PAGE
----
Hypothesis and Aims:

We hypothesize that early intervention with Mg, when ANS dysregulation first becomes apparent, will control cardiovascular instability and prevent progression to severe disease. The main aims are as follows:-

  • To evaluate the effects of Mg on hypertension and ANS dysregulation in severe HFMD
  • To evaluate the effects of Mg on outcome (death or neurological sequelae) in severe HFMD
  • To evaluate changes in plasma/urine catecholamine levels, cardiac output and systemic vascular resistance (SRV) in severe HFMD, and to assess the impact of Mg on these parameters.

Study Design:

We plan a randomized double blind trial comparing intravenous Mg with placebo in children admitted to the pediatric intensive care unit with clinical HFMD, ANS dysregulation, and Stage 1 hypertension. Patients will be eligible for enrolment if the arterial blood pressure exceeds the 95th centile for age, gender and length/height for at least 30 minutes while the child is not distressed, they exhibit at least one other criterion for ANS dysregulation, and a parent/guardian gives written informed consent. Specific renal and cardio-respiratory exclusion criteria will apply.

A loading dose of 50mg/kg of either Mg or identical placebo will be given over 20 minutes followed by a maintenance infusion for 72 hours according to response, aiming for Mg levels 2-3 times normal in the treatment arm. All staff involved in clinical care will be blind to the treatment allocation, and Mg levels will be monitored and adjusted by independent doctors from another clinical facility.

The primary endpoint will be a composite endpoint of disease progression defined as occurrence of any of the following within 72 hours: specific blood pressure criteria necessitating addition of milrinone, need for ventilation, development of shock, or death. Secondary endpoints will include presence of neurological sequelae at discharge in survivors, and various measures of cardiac output and systemic vascular resistance, catecholamine and cytokine levels.

Based on 1:1 randomization, an anticipated relative reduction of the risk of progression of 50% (from 50% in the control arm to 25% in Mg recipients, information from our case series plus indirect evidence from studies on severe tetanus), 90% power and a two-sided 5% significance level, 85 patients per treatment group are required. To allow for some violations of our assumptions and losses to follow-up, we plan to recruit 190 patients (95 patients per treatment arm) into the study.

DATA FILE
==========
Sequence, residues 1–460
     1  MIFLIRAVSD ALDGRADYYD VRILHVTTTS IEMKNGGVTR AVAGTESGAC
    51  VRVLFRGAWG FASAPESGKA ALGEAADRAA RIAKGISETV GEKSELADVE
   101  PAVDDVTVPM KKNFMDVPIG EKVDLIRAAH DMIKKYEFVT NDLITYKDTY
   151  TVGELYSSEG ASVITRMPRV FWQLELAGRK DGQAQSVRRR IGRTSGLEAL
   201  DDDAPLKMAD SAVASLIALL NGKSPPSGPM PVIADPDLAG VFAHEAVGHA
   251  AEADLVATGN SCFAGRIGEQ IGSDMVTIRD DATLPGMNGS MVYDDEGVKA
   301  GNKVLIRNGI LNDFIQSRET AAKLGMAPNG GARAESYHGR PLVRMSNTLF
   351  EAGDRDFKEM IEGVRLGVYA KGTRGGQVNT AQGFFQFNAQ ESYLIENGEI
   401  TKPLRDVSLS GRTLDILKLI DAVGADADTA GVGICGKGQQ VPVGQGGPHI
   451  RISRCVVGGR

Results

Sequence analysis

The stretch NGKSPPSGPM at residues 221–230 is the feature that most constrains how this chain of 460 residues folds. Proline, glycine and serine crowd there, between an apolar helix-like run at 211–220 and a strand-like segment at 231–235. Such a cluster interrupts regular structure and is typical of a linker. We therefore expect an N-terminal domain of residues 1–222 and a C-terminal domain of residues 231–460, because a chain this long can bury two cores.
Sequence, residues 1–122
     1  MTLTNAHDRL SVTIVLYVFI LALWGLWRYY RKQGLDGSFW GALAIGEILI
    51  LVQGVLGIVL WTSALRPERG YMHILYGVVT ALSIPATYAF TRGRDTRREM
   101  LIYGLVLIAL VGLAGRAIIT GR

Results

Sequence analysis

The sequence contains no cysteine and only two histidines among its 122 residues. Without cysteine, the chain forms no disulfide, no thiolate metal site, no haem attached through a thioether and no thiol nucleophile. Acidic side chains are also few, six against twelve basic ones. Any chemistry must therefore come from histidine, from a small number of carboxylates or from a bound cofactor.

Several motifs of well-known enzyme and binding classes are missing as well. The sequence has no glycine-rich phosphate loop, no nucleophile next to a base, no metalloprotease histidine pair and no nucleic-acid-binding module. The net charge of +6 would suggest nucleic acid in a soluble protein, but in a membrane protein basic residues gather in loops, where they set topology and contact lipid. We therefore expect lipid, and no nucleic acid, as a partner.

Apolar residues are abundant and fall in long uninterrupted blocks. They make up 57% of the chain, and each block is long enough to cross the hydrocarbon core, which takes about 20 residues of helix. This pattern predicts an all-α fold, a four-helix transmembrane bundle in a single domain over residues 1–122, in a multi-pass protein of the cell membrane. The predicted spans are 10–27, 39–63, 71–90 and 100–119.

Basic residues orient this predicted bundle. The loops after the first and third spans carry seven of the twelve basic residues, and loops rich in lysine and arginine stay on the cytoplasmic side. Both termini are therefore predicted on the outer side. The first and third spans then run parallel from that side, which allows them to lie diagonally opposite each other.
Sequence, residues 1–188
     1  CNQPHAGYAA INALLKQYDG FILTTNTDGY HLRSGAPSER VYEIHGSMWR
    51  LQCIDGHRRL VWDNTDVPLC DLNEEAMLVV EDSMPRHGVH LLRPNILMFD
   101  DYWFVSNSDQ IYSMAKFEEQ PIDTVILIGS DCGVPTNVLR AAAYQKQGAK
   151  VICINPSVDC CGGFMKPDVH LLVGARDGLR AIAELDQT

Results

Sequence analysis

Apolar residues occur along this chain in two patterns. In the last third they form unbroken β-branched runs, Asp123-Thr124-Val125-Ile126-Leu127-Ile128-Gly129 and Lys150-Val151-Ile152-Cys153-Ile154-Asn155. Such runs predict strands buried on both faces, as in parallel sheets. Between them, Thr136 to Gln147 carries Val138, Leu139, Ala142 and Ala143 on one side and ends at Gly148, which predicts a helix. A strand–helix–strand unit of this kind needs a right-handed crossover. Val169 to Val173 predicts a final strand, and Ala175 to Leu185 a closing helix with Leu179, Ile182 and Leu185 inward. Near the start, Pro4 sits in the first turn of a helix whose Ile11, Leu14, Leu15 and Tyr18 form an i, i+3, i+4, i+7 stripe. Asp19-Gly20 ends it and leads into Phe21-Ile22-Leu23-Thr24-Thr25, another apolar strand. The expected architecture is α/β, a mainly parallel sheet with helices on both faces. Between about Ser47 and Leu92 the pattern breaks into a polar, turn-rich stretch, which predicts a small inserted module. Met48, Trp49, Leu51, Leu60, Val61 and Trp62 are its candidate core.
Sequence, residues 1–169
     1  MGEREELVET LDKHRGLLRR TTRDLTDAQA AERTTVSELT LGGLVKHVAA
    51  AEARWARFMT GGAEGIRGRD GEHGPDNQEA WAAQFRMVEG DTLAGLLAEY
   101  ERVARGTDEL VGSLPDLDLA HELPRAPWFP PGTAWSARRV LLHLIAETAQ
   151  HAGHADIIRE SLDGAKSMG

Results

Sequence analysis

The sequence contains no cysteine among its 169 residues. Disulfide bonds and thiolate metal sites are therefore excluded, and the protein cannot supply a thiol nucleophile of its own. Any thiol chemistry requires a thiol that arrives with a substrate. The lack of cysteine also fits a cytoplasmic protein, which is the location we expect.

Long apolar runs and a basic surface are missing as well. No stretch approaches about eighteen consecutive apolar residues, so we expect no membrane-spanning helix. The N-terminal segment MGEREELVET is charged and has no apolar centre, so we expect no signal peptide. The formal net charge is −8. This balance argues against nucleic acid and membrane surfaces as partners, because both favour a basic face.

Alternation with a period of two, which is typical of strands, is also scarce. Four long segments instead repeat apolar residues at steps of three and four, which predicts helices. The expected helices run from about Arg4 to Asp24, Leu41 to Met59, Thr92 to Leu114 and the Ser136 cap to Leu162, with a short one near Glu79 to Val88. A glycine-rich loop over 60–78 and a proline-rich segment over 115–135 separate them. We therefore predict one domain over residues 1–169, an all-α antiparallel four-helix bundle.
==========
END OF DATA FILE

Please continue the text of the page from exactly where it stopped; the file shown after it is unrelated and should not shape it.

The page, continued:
Potential Impact:

Given the very large numbers of HFMD cases being seen in hospitals in Asia currently, if Mg is shown to be effective in controlling ANS dysregulation and preventing severe HFMD complications this would be of major importance for paediatric care throughout the Asian region. Mg is cheap, readily available and safe whereas milrinone is expensive, has a significant side effect profile and is often not available outside major centres.

Study Type  ICMJE Interventional
Study Phase  ICMJE Phase 2
Study Design  ICMJE Allocation: Randomized
Intervention Model: Parallel Assignment
Masking: Quadruple (Participant, Care Provider, Investigator, Outcomes Assessor)
Primary Purpose: Treatment
Condition  ICMJE Hand, Foot and Mouth Disease
Intervention  ICMJE
  • Drug: Magnesium Sulphate
    MgSO4 IV infusion
    Other Name: magnesi sulfat krabi 15%
  • Drug: Sterile water
    H2O IV infusion
Study Arms  ICMJE
  • Placebo Comparator: Sterile water

    Sterile water will be packaged identically to the active comparator.

    Each patient randomized to the placebo arm of the trial will receive a loading dose of 0.5ml/kg intravenous over 20 minutes , followed by a maintenance dose of 0.3 ml/kg/hr to 0.5 ml/kg/hr randomly adjusted by an independent doctor to mimic adjustments made in the active comparator arm for 72 hrs.

    Intervention: Drug: Sterile water
  • Active Comparator: Magnesium sulphate

    Each patient randomized to the treatment arm of the trial will receive a loading dose of 50mg/kg intravenous over 20 minutes (0.5ml/kg), followed by a maintenance dose of 30-50 mg/kg/hr (0.3 ml/kg/hr to 0.5 ml/kg/hr) for 72 hrs.